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Autumn publication now published

The Notebook of a Devon Great Consols Mine Captain: 1886 – 1900       by William Woolcock has now been published.
    
William Woolcock worked at Devon Great Consols during the later years of  the mine’s decline. His notebook has been transcribed by well known Society authors, Rick Stewart and Robert Waterhouse who have also provided a detailed background commentary.
The years covered in the diary find the once great copper mine struggling to survive, mainly through sales of arsenic. This was also the period when Devon Great Consols was engaged in an ultimately fruitless search for tin at depth. Woolcock working at Wheal Emma was much involved in this.
The book is now available from Tormark on the same basis as previous Society publications.
Full details:
Woolcock, William, The Notebook of a Devon Great Consols Mine Captain 1886 – 1900, compiled by R J Stewart & R E Waterhouse, A4 paperback, 68 pages, RRP £11, ISBN 978-0-9935021-6-3.
Keith Letchford

Keith Letchford

The Council are deeply sorry to announce the passing of Keith Letchford on...

What we do?

As a Registered Charitable Incorporated Organisation, number 1159639, the Society aims to encourage an interest in Cornwall’s Industrial Heritage through lectures, outings and other meetings and by publishing the results of individual research through its website, journal and other publications.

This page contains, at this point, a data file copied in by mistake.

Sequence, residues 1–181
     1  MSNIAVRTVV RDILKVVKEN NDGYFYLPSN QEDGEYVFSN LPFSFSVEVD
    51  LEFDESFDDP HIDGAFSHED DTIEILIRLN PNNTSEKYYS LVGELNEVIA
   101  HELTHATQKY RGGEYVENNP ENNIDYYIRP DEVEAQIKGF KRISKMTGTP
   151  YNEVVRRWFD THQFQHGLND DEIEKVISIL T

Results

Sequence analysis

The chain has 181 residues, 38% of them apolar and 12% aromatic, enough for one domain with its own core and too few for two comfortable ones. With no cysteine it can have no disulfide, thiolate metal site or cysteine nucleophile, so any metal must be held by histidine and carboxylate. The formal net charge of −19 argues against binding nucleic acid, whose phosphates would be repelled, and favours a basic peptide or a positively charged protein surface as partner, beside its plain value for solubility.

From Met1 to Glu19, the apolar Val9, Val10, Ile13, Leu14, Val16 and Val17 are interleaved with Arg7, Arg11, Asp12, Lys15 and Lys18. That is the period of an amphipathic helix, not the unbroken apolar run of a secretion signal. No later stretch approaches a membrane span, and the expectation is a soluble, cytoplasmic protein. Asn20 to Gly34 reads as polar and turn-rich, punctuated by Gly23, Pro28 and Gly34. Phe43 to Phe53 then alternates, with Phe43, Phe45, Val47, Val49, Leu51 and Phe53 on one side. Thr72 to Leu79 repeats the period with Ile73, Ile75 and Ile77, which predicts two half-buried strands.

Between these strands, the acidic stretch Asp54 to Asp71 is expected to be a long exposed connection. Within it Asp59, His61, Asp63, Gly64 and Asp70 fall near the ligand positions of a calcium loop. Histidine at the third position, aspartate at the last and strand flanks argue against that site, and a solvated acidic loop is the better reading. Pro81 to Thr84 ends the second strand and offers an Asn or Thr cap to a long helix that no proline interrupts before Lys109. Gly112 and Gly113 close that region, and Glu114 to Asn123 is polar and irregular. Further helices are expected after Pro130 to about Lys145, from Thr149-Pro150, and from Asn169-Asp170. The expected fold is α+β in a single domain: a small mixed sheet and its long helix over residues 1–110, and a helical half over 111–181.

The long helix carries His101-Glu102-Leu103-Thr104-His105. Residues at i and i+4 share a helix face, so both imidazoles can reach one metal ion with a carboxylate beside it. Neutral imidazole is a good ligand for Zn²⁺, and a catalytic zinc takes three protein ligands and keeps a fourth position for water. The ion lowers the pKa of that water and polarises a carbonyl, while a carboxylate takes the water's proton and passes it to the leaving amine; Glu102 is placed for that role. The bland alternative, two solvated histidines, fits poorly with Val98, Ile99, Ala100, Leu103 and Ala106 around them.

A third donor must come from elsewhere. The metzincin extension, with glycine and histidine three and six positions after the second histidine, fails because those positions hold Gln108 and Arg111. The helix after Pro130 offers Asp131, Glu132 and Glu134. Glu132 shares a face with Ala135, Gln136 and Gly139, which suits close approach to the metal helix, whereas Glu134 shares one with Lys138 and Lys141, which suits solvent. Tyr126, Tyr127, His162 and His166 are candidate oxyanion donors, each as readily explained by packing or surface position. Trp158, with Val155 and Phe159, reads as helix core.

The Society encourages the sympathetic re-use of redundant industrial buildings along with the statutory protection and preservation of prime examples of all types. It sees recording as an important part of its work where the preservation of a monument is not possible.

The Society maintains close links with numerous public and private bodies having common interests, both at a local and national level, and is affiliated to the Association for Industrial Archaeology and the National Association of Mining History Organisations.

Throughout the year the Society hosts lectures on a range of topics at its centres at King Edward Mine near Camborne and The Public Hall in Liskeard. All lectures are free to members.

The Society’s Annual General Meeting, which includes organised field trips, is also open to all members.

Theft from mines

Theft from mines has been a consistent feature throughout the history of Cornish mining and a rather odd case was reported from Wheal Tolgus in March 1833. On the 16th February John Reynolds, one of the tributers, had raised some copper ore and left it near the shaft where he had been working. The following day some of the ore was missing but there was some evidence in the form of footprints leading 20 yards from the ore pile to a hedge; a potential clue was that some of the marks had been made by someone with a wooden leg. Near the end of the prints Reynolds found a couple of stones of ore of the same sort that he had been raising. Eventually Athanasius Bray and Augustin Seller were indicted for the crime; both were miners at Wheal Tolgus and Bray had a wooden leg. The two later admitted to the offence and were sentenced to 15 months imprisonment with hard labour, most likely at Bodmin gaol.

 

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